Why people fail at weight loss
If you’re trying to lose weight, the chances are that you’ll probably fail.
Oh, you may get it off for a little while…. you may exercise your butt off, and really feel great. But, given a little more time, you’ll most likely be wearing every bit of the weight (plus some) that you originally lost.
Is it lack of willpower? No. When I was hungry all the time, I always went back to crazy eating, and weight gain.
If our (mostly) slender ancestors from 150 years ago were hungry all the time, they’d be overweight, too. I promise you’re no different. If you’re consistently hungry, you’ll always fail at losing weight. You can count on it…
You hungry=you overweight.
The secret to failing?
Keep consuming sugar (even if it’s low fat, and low calorie). The morning doughnut, “pick-me-up” can of soda, the snicker bar mid-day snack….. The “I’ve eaten low calorie today, I’ll reward myself with some dessert tonight” mentality, the late night sweet-tooth raid on the refrigerator. All of the above add sugar to our diet. But what about moderation? What about calorie intake? Each of the above only has a few calories, right? Extremely valid points that I’ll come back to in a few paragraphs.
Among many other things, the problem with sugarcalories in sugar that hurt us (sugar has fewer calories per gram compared to many other foods), but rather the damage that sugar does to our hormone system. Dr’s Hardick, et, al (2010) also stated: “Sugar is cheap and addictive”.
Summed up: we eat sugary foods, our hormones get messed up, and we crave more sugary foods. This set up a perpetual cycle that makes us (and keeps us) fat.
How bad is it? According to the U.S. Department of Agriculture (1998), “Our early ancestors consumed less sugar in a year then we now consume in a day”.
100 years ago, the typical American ate about 6 pounds of sugar per year. Today, that number is about 160 pounds per year. (Imagine sitting down to not just one, not two, but 32 -5 pound bags of sugar with a spoon, and starting to gorge. That’s what the typical American does every year.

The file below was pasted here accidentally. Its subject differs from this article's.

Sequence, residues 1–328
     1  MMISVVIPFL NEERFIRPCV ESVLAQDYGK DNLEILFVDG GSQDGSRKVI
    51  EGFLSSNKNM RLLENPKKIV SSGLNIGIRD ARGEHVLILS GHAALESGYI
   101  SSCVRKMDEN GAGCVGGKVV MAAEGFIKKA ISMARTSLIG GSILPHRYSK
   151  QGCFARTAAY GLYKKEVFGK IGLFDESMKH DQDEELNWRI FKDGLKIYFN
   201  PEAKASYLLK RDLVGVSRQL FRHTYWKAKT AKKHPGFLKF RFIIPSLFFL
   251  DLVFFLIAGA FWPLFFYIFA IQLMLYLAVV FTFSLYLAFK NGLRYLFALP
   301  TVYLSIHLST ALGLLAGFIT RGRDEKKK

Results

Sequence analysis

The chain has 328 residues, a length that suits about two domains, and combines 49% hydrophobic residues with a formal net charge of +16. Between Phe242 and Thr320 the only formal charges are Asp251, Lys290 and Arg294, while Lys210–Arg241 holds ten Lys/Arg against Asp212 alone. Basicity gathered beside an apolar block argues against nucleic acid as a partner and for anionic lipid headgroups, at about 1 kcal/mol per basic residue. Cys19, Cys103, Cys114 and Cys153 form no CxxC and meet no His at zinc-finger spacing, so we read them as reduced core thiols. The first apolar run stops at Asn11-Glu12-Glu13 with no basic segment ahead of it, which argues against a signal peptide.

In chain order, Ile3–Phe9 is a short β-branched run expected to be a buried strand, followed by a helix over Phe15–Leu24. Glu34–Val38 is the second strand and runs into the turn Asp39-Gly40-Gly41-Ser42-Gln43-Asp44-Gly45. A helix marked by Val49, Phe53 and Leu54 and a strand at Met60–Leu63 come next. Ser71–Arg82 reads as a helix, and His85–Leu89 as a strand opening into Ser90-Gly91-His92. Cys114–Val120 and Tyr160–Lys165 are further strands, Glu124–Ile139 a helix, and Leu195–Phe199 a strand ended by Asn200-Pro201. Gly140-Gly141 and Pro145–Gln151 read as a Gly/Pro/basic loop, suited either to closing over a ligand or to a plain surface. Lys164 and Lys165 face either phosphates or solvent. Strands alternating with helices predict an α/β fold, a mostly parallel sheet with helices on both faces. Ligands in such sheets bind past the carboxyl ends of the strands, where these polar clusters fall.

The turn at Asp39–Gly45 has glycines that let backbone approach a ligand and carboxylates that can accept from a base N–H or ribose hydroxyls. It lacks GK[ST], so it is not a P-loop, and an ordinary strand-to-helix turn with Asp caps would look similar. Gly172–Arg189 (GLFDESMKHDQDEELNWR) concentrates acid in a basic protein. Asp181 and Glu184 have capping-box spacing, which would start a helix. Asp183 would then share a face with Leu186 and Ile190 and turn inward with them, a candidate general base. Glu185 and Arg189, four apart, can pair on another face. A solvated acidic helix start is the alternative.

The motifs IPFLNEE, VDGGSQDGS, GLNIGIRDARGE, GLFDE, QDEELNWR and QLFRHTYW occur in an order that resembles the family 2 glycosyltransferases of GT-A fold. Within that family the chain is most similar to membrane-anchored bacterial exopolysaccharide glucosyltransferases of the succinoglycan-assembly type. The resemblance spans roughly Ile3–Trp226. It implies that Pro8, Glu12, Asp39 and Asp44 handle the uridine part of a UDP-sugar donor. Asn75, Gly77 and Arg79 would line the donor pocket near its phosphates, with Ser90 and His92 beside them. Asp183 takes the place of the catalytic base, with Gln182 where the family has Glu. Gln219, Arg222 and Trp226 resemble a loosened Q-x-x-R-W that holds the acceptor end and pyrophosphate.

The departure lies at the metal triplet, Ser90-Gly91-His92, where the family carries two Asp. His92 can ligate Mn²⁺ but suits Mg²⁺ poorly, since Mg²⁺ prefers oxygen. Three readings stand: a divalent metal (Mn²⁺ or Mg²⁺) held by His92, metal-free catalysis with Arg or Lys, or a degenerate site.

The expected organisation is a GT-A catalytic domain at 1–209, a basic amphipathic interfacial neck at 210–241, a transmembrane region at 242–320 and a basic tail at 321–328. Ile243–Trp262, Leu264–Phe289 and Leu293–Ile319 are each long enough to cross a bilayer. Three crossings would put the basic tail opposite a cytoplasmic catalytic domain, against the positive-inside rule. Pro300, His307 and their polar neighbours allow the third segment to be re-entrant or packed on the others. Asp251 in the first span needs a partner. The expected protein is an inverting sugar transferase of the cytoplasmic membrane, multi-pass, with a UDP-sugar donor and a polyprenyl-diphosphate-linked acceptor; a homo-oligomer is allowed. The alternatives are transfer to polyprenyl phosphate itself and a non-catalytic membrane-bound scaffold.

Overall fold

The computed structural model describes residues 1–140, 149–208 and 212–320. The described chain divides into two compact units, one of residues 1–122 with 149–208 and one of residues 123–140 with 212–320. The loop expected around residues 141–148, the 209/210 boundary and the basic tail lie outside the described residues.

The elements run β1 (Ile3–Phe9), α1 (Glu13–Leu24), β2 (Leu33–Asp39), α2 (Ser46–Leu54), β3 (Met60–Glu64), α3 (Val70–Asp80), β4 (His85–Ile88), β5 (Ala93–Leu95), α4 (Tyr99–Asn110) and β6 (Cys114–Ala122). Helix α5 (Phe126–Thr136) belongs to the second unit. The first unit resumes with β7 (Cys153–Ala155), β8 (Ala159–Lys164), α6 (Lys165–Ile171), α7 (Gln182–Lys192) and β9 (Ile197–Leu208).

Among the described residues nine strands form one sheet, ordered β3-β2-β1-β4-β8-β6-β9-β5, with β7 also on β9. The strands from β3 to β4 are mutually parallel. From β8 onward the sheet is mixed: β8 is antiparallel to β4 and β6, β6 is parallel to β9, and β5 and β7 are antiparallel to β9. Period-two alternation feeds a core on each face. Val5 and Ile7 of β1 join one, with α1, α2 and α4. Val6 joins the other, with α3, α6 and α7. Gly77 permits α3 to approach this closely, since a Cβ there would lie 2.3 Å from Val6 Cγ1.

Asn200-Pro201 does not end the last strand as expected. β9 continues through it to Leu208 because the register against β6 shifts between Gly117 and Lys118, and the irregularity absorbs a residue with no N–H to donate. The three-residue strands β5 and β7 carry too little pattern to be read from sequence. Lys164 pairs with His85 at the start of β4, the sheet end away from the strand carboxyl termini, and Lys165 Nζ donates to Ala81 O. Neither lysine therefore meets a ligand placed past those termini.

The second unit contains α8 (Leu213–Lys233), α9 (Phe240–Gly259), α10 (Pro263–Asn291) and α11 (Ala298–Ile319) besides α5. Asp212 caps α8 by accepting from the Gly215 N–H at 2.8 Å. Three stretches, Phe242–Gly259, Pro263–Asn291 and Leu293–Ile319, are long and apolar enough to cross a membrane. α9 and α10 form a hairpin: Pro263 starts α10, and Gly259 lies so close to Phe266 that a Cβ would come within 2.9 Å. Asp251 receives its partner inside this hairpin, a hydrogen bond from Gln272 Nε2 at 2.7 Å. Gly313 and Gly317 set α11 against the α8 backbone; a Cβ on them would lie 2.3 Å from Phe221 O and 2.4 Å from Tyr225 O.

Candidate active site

If you’re up for it, I challenge you to the following: Keeping in mind that 100 years ago, we ate about 1/30th the sugar we do now, go online and look at some pictures of Americans from pre-1900…. Look at as many as you can…. How many overweight people do you see?
Next, walk around a shopping mall, and look at the people around you…. Count ’em as you go. Any overweight people you see?
If you would want topermanently lose weight, you’d drastically reduce your sugar consumption. From where would you cut it? Any of the following: soda, sugary cereal, most energy bars, sports drinks, energy drinks, candy, ice cream, cookies, donuts, syrup, and packaged foods that contain sugar.
Soda would be COMPLETELY replaced with water. Deserts would easily be replaced with natural sugar-free desserts (you can see one example here), the morning sugar rush would be replaced with among other things, an extremely healthy smoothie (see “my favorite morning meals“), and packaged foods would begin to be replaced with cooked, unprocessed foods. Your vegetable consumption would substantially go up, and your use of healthy fats like olive oil, raw nuts, avocados, eggs, coconut milk, and coconut oil would also go up. Finally, if you want to permanently lose weight, you’d realize that getting off of sugar would seem like “hell” for several days, up to a week. However, you’d also realize after that time, that you’d feel so good, that you’d ever wonder how you ever let yourself get addicted in the first place.
Oh yea, for more tips on permanent weight loss, click here.
Hardick, B.J, Roberto, K. Lerner, B. Maximized Living Nutrition Plans (2009).
Sugar Busters, H.L. Steward, M.C. Bethea, M.D., S.S. Andrews, M.D., L.A. Balart, M.D., Ballantine Books, 1998, p.19; U.S. Department of Agriculture.